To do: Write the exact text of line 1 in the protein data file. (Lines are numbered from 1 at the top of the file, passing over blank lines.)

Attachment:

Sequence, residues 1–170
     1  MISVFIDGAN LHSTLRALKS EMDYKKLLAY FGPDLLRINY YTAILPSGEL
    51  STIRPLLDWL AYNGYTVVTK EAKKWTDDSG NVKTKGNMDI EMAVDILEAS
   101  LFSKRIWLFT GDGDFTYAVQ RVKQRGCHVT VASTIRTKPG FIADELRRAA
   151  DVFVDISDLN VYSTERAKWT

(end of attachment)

Sequence, residues 1–170